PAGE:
Lake Naivasha

We turned south and arrived in the town of Naivasha just in time for lunch, and check into the Lake Naivasha Simba Lodge, 70 villas spread around on the edge of a Game Preserve on the lake’s shores.  While eating lunch, we saw giraffes ducking in and out of the trees across the field, and after lunch we went for a quiet walk through the forest to the lakefront observation tower and jetty.  Along the way, we skirted groups of waterbucks, bushbucks and other gazelles, and walked up on a huge Maribou stork, (over 4 feet tall and likely 70 pounds). 

Wandering unattended among the wildlife made us feel as if these moments were taken from the pages of National Geographic.  It’s an adventurous, but powerless, feeling walking among 200-800 pound animals knowing that you are in their home and that your safety is at their discretion.  Ahead, we ascended the observation tower, from which we could see the rangers working to remove a dead Hippo from the lake – a loser in a 24-hour battle with another Hippo over the attention of a female.








At 4:00pm, we met Samuel for a Game Drive in Hell’s Gate – a park that encompasses the part of the East African Rift System that includes active geothermal springs and vents.  Upon entering the Park, we saw herds of Plains Zebra, Thompson Gazelles, Impalas, and Grant’s Gazelles.  A particularly curious baboon watched us from a few feet away, as we drove deeper into the Park. 



 In the middle of the Park, we stopped at the headwaters of the Rift Ravine, fed year round with 100 degree Fahrenheit water.  A local tribal guide took us on an hours hike down the ravine, walking and climbing along the riverbed hundreds of feet below the ravine rim. 


After a strenuous hour of descending our way downstream, we climbed nearly straight up out of the side of the ravine on ancient footholds used by Maasai for centuries, and walked back along the ridge to our vehicle.  The journey out of the park was at dusk, but we saw a reclusive Dik-Dik, (small antelope-type of animal), and a few Elands, (large Elk-like animals), in addition to the grazing herds that we saw when we entered, and the ever-present families of warthogs.  We made it back to the Lodge in time for 8:00pm dinner.  But then, it was time for a quiet night to prepare for tomorrow’ trip.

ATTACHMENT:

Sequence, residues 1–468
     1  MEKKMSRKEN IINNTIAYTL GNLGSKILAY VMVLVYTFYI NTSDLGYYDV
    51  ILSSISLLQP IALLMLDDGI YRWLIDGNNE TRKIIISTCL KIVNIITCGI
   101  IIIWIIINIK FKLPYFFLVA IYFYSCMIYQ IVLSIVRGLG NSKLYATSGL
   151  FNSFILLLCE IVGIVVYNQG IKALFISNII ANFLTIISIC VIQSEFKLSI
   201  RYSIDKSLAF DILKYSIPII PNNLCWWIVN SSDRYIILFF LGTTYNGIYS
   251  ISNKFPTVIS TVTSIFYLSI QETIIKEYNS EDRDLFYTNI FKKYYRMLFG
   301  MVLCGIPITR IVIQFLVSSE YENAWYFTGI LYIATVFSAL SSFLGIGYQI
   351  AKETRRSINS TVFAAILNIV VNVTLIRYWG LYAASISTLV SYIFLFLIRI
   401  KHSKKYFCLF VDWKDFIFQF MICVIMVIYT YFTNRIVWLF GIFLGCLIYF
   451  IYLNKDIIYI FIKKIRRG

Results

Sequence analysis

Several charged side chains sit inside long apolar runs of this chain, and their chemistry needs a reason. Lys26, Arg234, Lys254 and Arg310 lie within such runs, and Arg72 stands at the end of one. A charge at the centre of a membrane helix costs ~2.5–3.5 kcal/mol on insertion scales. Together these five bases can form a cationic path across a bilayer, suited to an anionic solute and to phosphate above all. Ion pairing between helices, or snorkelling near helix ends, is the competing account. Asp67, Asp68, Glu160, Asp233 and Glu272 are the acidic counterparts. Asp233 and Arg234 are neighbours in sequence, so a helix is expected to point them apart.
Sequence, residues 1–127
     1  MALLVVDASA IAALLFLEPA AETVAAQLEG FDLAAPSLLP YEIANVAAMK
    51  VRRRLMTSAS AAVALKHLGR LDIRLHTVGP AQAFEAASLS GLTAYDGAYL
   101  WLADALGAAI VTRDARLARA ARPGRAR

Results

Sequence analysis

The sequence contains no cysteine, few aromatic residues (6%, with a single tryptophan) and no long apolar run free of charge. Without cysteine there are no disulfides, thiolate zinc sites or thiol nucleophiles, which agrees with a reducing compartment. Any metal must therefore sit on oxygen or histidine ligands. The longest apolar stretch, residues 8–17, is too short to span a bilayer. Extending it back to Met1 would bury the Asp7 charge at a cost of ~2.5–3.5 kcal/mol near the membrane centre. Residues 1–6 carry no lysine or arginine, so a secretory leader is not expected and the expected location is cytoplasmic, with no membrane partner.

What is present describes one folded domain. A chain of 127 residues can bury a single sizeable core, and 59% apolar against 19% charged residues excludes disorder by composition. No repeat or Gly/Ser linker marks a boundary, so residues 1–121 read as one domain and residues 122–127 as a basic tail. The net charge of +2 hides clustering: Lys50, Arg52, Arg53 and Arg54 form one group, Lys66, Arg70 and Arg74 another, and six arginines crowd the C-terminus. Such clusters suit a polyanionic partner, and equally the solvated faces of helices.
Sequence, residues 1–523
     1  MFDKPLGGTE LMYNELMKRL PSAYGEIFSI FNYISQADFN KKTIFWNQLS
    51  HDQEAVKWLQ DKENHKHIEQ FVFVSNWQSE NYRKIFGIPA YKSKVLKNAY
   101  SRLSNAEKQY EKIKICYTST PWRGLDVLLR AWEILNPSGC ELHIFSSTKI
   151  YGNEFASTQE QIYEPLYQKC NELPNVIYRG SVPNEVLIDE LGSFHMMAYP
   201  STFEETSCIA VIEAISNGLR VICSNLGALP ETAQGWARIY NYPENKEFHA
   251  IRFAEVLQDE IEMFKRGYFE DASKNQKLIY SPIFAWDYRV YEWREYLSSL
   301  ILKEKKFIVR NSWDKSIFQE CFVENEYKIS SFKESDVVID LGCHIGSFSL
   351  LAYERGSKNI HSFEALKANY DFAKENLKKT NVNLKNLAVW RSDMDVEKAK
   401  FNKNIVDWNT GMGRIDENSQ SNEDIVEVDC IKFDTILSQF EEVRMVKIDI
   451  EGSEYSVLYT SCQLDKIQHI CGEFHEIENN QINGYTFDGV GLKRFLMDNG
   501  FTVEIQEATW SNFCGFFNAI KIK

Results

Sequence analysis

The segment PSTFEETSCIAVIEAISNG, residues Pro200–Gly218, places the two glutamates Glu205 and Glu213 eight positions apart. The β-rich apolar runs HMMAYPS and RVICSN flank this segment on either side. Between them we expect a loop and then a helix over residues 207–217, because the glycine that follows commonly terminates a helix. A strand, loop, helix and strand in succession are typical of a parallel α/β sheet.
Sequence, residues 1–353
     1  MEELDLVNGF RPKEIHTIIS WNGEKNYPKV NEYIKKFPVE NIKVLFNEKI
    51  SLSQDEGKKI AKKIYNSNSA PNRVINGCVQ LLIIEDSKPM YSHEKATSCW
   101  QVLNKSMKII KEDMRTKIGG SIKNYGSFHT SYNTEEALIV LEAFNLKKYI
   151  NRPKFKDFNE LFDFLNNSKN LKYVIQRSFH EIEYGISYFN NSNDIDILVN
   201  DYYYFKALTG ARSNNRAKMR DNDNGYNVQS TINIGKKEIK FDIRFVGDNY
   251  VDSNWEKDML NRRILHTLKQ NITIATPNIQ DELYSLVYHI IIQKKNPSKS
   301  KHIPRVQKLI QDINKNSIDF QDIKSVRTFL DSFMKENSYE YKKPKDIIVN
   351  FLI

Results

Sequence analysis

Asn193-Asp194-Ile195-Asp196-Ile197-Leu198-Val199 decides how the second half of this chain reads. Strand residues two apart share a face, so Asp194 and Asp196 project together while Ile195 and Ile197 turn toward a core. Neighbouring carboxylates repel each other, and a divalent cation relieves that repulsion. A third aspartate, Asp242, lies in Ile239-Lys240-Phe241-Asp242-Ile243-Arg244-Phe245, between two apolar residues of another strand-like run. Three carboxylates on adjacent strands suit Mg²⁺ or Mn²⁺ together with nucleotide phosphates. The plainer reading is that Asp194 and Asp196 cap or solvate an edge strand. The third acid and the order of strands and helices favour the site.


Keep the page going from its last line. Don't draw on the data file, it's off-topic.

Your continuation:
The next morning, we arose before sunrise, and setoff back toward the lake to see if we could spot any dawn wildlife.  During the night, Water Buck herds had moved into the area, and we quietly made our way to the water’s edge where we could see a school of Hippos submerged offshore.  We were soon joined by a hotel Nature Guide, Bernard, who walked us back into the bush where we followed the sounds of clattering horns to come across two male Waterbucks fighting with their head’s down, uninterested in us.  We followed them deeper into the forest, until we remarkably came across a lone Hippo, foraging on the forest floor. We approached quietly behind a large Yellow-fever Acacia tree to within 15 meters, and then slowly circled, until the Hippo took notice, and rudely turned away.  We did not pursue, as Hippos can be very dangerous on land as well as in the water. 


But the sidetrack to view the Hippo had taken us deeper into the forest where we happened upon a family of Giraffes, (including one six-month old).  We followed them for a while, but needed to complete our morning adventure in time to take a quick breakfast, check out, and begin our automobile trek to the famous Maasai Mara Park.


To be continued…..